20 Science-Backed Facts That Will Make You Totally Psyched to Turn 40
You'll have more confidence, more money, and more happiness.
You can look at it as just another day on the calendar, or as the date that marks the start of your best decade yet—either way, seeing 40 flickering candles on a birthday cake is enough to give even the most reasonable person at least a little bit of anxiety. But the reality is that there's so much about turning 40 that you can look forward to with excitement, not dread. Ready to get amped up about the big 4-0? Read on to discover 20 facts backed by science and surveys that will ensure you're ready to tackle your fourth decade with aplomb.
You have more confidence.
Just because you're not as young as you once were doesn't mean you should feel any less confident. And in your 40s, it's statistically proven that you likely won't. According to 2019 research conducted by Harvard University, our levels of confidence begin to approach their peak after turning 40.
Your brain is fully developed.
While we often hear that 26 is the magic age at which our brains finally decide to grow up once and for all, a new study says otherwise. According to researchers at University College London's Institute of Cognitive Neuroscience, the brain's prefrontal cortex continues to evolve well into our 40s, meaning you can finally enjoy the full benefit of all that learning you've been doing for the past four decades.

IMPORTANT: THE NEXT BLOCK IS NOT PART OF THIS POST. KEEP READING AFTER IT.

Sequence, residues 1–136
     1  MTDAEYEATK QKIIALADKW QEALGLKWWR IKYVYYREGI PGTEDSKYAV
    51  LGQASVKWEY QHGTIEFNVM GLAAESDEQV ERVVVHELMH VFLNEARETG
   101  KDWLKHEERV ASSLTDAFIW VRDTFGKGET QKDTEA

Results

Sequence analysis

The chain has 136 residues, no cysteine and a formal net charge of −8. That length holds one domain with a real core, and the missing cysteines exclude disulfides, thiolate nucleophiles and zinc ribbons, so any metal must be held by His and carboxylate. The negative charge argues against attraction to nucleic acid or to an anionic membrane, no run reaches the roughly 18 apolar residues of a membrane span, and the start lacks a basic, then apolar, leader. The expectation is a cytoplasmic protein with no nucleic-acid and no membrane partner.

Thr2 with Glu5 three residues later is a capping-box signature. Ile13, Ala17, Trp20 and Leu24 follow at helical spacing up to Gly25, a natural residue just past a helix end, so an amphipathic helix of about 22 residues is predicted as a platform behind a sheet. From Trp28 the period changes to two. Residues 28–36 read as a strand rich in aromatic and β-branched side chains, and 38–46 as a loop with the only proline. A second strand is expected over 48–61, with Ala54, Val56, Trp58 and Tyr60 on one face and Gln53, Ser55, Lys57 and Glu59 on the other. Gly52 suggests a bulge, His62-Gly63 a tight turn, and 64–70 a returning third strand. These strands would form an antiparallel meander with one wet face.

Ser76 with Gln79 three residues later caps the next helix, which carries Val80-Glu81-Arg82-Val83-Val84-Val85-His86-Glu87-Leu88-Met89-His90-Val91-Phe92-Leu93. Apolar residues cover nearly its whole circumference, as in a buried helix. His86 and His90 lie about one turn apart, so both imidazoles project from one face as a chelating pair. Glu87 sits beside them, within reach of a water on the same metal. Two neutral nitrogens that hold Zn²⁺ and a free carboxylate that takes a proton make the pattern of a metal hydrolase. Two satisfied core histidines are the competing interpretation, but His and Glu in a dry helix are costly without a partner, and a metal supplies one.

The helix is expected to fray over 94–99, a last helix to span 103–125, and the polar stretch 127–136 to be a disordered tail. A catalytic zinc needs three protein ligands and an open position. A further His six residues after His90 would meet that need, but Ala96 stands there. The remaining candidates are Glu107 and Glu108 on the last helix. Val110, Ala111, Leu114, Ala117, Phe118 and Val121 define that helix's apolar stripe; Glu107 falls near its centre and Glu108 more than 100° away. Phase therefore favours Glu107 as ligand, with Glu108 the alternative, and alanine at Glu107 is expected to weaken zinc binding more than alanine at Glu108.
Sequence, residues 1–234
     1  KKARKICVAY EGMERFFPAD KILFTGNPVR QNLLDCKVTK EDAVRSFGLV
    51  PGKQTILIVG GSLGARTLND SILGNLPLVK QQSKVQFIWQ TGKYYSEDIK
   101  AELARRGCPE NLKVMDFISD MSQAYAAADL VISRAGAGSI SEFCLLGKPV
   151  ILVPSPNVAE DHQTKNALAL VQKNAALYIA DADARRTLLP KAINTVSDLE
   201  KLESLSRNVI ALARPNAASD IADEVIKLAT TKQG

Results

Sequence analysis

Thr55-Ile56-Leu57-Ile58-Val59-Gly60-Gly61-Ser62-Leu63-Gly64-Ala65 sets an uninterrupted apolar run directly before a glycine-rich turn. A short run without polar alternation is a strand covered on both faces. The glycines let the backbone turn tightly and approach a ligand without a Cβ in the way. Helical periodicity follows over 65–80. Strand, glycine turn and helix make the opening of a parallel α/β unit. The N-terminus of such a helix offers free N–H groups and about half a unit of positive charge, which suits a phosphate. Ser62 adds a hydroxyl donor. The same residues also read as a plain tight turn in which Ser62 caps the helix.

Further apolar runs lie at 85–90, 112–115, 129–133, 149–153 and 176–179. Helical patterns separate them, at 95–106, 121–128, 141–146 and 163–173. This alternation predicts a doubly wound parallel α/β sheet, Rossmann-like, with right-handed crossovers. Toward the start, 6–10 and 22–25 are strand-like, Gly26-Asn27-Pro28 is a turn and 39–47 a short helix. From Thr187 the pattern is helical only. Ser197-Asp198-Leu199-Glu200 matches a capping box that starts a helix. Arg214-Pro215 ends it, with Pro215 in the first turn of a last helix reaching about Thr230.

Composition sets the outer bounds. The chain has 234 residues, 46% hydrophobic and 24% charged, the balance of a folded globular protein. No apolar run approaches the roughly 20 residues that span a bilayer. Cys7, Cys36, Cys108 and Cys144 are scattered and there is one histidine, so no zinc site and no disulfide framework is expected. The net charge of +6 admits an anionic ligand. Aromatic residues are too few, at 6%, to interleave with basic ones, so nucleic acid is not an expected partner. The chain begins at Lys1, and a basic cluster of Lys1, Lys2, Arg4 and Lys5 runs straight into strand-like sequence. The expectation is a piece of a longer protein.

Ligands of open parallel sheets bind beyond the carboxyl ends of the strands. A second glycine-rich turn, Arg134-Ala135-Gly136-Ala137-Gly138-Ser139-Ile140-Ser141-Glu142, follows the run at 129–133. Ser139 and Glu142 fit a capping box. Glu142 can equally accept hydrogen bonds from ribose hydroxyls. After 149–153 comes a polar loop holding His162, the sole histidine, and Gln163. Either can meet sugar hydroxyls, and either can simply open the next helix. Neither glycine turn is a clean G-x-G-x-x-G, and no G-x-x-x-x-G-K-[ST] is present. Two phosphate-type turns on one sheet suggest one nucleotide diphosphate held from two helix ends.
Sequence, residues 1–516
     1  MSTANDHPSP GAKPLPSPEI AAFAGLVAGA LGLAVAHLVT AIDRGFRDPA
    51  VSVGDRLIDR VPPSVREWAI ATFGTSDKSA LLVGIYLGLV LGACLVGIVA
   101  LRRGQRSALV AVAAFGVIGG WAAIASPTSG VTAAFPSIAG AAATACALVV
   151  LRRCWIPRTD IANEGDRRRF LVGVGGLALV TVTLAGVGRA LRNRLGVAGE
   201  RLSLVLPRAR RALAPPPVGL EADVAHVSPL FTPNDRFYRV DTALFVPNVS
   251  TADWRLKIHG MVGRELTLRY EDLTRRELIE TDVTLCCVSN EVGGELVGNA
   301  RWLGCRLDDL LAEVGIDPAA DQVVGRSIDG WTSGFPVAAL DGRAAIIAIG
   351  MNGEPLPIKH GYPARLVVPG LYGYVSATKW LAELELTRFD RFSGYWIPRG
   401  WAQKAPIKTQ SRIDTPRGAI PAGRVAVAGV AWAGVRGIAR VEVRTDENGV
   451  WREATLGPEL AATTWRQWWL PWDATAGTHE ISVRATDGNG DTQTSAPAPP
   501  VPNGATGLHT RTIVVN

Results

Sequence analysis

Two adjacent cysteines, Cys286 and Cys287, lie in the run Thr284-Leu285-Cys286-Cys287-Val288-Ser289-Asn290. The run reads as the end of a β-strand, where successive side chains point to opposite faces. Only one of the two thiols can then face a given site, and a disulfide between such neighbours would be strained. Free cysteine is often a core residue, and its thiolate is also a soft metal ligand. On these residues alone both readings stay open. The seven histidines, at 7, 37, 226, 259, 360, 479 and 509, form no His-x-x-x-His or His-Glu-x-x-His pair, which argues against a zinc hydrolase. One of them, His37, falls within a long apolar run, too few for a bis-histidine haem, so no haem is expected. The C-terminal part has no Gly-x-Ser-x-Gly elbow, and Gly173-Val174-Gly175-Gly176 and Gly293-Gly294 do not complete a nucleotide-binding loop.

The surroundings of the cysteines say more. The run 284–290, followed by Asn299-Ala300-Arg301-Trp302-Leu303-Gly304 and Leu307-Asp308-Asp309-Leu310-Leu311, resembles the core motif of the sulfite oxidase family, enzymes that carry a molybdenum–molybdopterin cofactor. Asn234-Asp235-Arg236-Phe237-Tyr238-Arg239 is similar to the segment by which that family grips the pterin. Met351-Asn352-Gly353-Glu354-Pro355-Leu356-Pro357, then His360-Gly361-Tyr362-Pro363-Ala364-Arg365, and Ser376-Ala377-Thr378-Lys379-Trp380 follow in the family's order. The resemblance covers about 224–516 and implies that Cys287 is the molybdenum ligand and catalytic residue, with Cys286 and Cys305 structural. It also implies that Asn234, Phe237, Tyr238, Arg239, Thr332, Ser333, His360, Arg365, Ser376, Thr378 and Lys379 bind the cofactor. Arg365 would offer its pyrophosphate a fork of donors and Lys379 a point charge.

You have better focus and concentration.
Another nice thing about your 40s is that you may find an increased ability to stay focused and concentrate better than you could in decades prior. In fact, your attention span will reach its peak around age 43, according to 2015 research published in the journal Psychological Science.
Your creativity still has time to peak.
If you haven't reached a point of feeling accomplished in your creative endeavors by the time you reach your 40s, that doesn't mean you never will. In fact, a 2019 study published in the journal De Economist found that creativity can peak in your mid-50s. Late bloomers are a real thing! Case in point: Martha Stewart, Octavia Spencer, Ricky Gervais, and Samuel L. Jackson all got their big breaks over the age of 40.